Aristotle vs Plato on rhetoric?
I have an assignment where I need to write a dialogue about Aristotle and Plato arguing about their differences of opinion on rhetoric. I know that Plato wasn't a fan of rhetoric and Aristotle was but I don't understand what the major differences are and how to even go about writing this. Any help at all would be appreciated!
- j153eLv 71 month ago
It is usually helpful to know clear meaning of what one is dealing with. In this case, "rhetoric" and "dialectic," especially as Aristotle and Plato would view them.
A second general guide is looking phenomenologically or with no preconceptions at the field you'll be playing in. In this assignment, your teacher has a) assumed an "a vs b" or dialectic situation (whereas Aristotle viewed dialectic and rhetoric as complementary) and b) given a dialectical format.
So, back to first principle: Socratic-Platonic dialectic is one-to-one; uses logic (Plato, "Gorgias"). Plato's view of rhetoric was likely conditioned by the Sophists, and in today's terms would be like a political harangue by a dictator--a monologue, no questions from the audience during the speech, lots of sound bites, stirring appeals to whatever (patriotism, class warfare, etc.), and trigger phrases.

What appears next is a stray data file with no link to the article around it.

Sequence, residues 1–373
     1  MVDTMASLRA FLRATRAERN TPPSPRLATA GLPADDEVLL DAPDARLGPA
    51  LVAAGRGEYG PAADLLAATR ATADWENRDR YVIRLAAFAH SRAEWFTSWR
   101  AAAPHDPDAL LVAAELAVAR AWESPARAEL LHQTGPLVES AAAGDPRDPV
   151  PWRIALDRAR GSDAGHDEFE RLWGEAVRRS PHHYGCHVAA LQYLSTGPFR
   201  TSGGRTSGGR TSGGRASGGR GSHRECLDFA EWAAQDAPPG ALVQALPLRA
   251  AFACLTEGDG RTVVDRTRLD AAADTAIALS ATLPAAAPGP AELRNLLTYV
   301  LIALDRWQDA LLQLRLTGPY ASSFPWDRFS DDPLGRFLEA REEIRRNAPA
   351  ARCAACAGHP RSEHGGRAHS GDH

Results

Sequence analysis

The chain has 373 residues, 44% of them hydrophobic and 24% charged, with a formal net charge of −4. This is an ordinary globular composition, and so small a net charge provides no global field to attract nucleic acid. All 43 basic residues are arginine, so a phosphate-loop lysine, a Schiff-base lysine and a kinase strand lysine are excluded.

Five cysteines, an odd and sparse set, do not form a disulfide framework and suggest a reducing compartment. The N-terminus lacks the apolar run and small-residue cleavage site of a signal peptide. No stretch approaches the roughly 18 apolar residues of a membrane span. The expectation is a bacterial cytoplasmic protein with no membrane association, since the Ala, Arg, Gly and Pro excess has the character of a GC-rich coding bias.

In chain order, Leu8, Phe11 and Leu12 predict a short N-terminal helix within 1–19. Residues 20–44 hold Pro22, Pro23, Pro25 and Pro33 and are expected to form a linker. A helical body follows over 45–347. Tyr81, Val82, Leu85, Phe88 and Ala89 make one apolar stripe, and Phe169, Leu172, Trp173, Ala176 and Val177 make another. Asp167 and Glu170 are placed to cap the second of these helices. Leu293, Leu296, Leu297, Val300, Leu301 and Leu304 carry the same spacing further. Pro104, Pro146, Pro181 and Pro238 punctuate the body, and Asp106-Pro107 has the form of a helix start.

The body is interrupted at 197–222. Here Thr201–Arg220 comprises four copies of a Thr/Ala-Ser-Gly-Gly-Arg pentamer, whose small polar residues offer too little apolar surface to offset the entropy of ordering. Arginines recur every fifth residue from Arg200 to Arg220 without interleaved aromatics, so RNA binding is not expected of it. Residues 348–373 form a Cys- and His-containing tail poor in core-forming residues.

Given your assignment, which is a type of creative endeavor, the first consideration is: characters. The more true-to-historical-life you give your Plato and Aristotle, the higher the grade. If you're creative, that can be a plus (e.g. Aristotle as snarky).
Plato is Aristotle's teacher, so there is that natural tension between the established wise one and the up-coming "new school" guy. That's another point of drama and/or comedy.
A fourth consideration (after your clarity and understanding of definitions of terms; after your "psyching out" the game or rules of the game; and after your two 3 x 5 cards listing characters of Plato and Aristotle (do they have descriptions--is Plato's hair graying at the temples, what are they wearing where are they dialoguing, is there an audience, what moods are they in, etc.), which you refer to as you write the dialogue) is that of logic: which, in your reasoned opinion, has the better position or argument? In point of fact, if your Aristotle is reasonable, he can run circles around your Plato, as Plato historically opposed rhetoric, while Aristotle said both were ok if used properly.